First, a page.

Word Count: 80,918 (and counting)
Author's Summary: Pete Tyler thought he was agreeing to making his entire life better. Sometimes gifts come with strings attached. When his entire life is turned upside down, fate gives him a second chance at pulling it together.
Characters/Pairings: Jackie Tyler (both universes), Pete Tyler (Pete’s world), Mickey Smith, Rose Tyler, the Tenth Doctor
Warnings: None by author (character death mentioned)
Recced because: I’m taking a chance by rec’ing this, because it’s unfinished. However, there are 22 chapters, which gives you plenty to chew on until the final chapters come — and the author appears to have a schedule, which means this fascinating story should be completed. I certainly hope so, because this tackles one of the fascinating untold stories in the Whoniverse; how did the Pete Tyler of Pete’s World come to be so different from the lovable, but unsuccessful Pete Tyler of our world? beshter has a knack I love in writers: they build a believable world, they create characters who act believably, and they act only on the information they know. We, as readers, know what’s happening and why, but the writer’s skill is such that we want to watch this Pete (always one of my favorite characters) think his way through his good fortune, through invasion, through losing one Jackie and into loving a new Jackie.
This was not the life that Pete Tyler had signed up for.
When he was a child he had told anyone who would listen he’d be a great inventor and make millions. They had humored him then. Now as an adult they simply thought him barmy and irresponsible. And he couldn’t say that they were wrong, least of all Jackie. Jackie, the one person he was trying so hard to earn these millions for...the one person, if he admitted it to himself, whose opinion mattered the most to him.
He stopped, turning to stare back down the street, to the distant block of lights that was his home. There Jackie waited, likely crying as she called her cousin, or maybe watching telly cursing his name. God, he loved her, despite it all, despite the anger and abuse. He wanted to do this for her, to prove to her that she wasn’t wrong in marrying him. And if he were half-a-man, he’d go back this second, beg forgiveness from his wife, promise to lay off the dreams for a while and get a real job, and then shag her all night till they couldn’t walk. He would go home and settle down, finally, no matter if he hated it, get a job working in a factory or a shop, come home to telly and chips of a night, and go out for bowling. He’d lay off the dreams and focus on what mattered the most to him, when he admitted it, Jackie. All he had to do was turn right back around and walk down the street and ask for forgiveness.
Every cell in his body ached to do it. Suddenly, he wanted Jackie in his arms, her lips against his, pressing her body into the creaking springs of their worn-out mattress. He wanted to beg her forgiveness and promise to make everything right. His feet lifted, moved, his body and thoughts returning to the scene where just an hour before he had been screaming at her.
He paused, turning in the drizzle, squinting into the darkness to find the voice. It wasn’t that unusual in the council estates for someone to call out his name, he was well known enough, but no one called him Peter, not since his mother died. No one was about this time of night, save a single woman, standing beside a red sedan, an umbrella over her golden head.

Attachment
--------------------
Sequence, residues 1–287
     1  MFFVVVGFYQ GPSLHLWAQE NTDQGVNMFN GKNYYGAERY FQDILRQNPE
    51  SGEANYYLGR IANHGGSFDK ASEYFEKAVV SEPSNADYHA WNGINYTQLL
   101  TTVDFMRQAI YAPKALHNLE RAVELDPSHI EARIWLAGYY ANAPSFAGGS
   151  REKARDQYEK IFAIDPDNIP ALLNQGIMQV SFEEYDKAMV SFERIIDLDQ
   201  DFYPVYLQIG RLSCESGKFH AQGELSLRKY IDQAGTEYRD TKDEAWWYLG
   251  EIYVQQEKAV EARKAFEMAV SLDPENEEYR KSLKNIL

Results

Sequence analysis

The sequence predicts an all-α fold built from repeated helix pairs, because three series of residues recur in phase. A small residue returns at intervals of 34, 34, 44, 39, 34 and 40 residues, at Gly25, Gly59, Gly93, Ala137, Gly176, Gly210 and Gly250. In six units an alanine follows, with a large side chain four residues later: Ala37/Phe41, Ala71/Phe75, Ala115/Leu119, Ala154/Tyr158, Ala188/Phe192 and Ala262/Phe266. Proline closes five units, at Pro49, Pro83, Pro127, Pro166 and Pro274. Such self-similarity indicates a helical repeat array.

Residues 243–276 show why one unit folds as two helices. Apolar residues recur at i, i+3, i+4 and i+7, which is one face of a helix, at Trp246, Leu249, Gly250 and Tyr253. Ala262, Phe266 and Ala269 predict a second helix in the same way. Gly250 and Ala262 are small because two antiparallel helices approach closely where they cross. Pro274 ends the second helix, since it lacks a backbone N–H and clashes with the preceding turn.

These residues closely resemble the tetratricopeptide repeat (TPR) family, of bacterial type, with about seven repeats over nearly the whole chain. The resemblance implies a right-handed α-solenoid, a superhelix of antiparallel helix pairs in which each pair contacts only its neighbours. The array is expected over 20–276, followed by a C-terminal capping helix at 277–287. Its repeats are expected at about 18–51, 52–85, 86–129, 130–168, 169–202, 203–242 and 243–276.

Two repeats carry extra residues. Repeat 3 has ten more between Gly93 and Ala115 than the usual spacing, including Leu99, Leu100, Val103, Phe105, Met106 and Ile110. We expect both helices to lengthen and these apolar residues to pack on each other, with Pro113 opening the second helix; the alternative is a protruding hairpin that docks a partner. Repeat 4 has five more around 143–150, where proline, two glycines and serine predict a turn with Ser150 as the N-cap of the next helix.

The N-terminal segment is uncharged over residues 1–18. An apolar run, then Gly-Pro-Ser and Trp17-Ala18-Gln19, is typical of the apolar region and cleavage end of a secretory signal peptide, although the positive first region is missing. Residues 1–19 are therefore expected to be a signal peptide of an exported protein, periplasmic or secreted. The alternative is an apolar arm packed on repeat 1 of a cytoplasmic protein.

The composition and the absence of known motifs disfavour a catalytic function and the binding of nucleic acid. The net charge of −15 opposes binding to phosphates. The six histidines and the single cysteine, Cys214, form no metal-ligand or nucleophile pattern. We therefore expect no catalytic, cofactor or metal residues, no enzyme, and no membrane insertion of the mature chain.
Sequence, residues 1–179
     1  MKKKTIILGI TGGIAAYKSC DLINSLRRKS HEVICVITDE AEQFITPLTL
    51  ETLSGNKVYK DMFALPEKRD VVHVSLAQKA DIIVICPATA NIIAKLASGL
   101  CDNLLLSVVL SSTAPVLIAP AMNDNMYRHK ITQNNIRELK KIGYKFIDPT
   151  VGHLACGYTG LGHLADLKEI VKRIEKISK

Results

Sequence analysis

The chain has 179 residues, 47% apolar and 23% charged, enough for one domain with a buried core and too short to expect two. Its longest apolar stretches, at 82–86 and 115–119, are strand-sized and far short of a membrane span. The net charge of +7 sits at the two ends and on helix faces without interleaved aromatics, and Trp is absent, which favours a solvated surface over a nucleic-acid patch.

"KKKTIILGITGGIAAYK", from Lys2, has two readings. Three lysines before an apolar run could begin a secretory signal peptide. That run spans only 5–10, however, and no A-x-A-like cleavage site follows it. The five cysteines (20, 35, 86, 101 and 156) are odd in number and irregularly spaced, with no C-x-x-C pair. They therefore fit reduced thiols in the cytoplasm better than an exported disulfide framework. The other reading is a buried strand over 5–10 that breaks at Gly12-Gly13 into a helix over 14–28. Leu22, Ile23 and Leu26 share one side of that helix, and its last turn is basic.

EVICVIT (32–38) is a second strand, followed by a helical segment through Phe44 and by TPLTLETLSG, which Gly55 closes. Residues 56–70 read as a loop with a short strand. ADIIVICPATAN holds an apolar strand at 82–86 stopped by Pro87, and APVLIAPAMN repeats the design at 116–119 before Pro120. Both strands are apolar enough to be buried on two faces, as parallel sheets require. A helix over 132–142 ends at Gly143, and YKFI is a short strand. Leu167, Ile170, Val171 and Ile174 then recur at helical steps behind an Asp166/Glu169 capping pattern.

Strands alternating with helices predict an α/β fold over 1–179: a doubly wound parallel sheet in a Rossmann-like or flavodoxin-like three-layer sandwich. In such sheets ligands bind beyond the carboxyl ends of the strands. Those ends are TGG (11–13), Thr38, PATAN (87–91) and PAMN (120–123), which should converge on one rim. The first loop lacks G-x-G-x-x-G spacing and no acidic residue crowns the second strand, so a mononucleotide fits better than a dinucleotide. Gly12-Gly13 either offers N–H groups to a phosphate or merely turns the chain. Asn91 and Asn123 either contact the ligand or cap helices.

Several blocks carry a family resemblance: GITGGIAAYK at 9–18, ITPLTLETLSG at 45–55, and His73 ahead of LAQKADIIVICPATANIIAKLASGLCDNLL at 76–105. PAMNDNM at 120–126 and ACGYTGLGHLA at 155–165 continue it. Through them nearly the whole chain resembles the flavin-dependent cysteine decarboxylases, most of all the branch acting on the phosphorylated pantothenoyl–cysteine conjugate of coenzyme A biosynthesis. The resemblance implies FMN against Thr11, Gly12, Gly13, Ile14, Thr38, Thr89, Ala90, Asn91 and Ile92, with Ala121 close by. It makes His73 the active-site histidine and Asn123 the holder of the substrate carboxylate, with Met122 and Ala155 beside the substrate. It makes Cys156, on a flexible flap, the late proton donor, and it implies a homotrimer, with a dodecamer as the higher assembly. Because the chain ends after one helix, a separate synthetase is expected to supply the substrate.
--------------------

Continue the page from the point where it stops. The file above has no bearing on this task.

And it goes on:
“Can I help you?” He could be polite at least. She didn’t seem to be trouble, at least not what accounted for trouble in these parts. She was too...nice for that. Not tall, very young, looked to be no more than a uni kid, with hair so flat Jackie would itch to reach for her curlers. It was pulled back in a sensible bun. She didn’t look the sort who would normally hang around the estates. And she wasn’t someone who should know his name.
The girl smiled at his question, shaking her head. “No, you can’t. Help me, that is. But that’s not why I’m here.”
He stared at her across the pavement. “Who are you?”
“My name is Yvonne.”
Nothing about that rang a bell. “Look, Yvonne, I don’t know what you are up to, but it’s late, and my wife is waiting, and I’m not interested in anything you’re selling, so maybe we should just go our separate ways…”
“I’m not selling anything, Mr. Tyler,” she replied coolly, all the while making Pete cringe at the “mister” title. “And it is late. Your wife is waiting, but I know that since you two argued, she’s not expecting you back anytime soon. So take a few minutes and chat with me.”
She lifted her shoulders in her long, brown trench coat. She reminded him, absurdly, of one of those black and white movies with Humphrey Bogart, or a spy movie with people meeting in dark alleys. Her enigmatic smile stayed still, however, and he swore lightly, glancing to the lights of the Powell Estates in the distance. Curiosity always got him in trouble, he couldn’t help it, and it wasn’t everyday he was propositioned by a woman on the street, no matter what Jackie said.
“All right,” he muttered, tossing his cigarette butt in the gutter and crossing the street. The girl opened the passenger’s side door for him, indicating he should get in. He went, glad for a moment to get out of the dreary drizzle as she rounded the car and got in at the driver’s side.
Later, hours later, he stepped out of the non-descript sedan, into the lightening sky and misty rain, lighting another cigarette with shaky hands. He pulled on it, hard, his pale skin gray in the pre-dawn light. Beside him, Yvonne rounded the car, her umbrella over her head, her enigmatic smile firmly in place.
“Do we have an agreement, Mr. Tyler?”